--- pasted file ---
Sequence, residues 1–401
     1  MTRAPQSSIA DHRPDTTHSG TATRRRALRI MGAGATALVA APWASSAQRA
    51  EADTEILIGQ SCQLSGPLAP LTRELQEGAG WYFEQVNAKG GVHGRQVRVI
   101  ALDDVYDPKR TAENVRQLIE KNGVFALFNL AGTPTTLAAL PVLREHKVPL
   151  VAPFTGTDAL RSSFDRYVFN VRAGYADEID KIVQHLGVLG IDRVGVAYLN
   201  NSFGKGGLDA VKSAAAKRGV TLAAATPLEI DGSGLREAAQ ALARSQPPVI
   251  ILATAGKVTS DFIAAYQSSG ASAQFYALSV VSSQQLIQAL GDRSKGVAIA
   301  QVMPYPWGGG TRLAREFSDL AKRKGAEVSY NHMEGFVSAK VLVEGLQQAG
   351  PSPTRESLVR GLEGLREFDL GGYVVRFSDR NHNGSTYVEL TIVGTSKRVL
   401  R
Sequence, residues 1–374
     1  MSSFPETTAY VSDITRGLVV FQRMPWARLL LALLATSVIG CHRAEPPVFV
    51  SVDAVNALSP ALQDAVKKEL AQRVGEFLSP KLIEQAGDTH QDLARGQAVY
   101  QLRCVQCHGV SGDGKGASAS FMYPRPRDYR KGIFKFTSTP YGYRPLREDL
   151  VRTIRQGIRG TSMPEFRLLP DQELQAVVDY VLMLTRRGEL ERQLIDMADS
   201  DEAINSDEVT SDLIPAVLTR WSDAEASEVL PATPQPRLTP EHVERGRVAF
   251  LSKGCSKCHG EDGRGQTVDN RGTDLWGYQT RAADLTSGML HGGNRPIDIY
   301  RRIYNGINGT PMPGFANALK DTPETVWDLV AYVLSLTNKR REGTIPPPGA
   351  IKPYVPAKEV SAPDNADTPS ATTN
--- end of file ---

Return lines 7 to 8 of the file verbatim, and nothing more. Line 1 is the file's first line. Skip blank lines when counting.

   251  ILATAGKVTS DFIAAYQSSG ASAQFYALSV VSSQQLIQAL GDRSKGVAIA
   301  QVMPYPWGGG TRLAREFSDL AKRKGAEVSY NHMEGFVSAK VLVEGLQQAG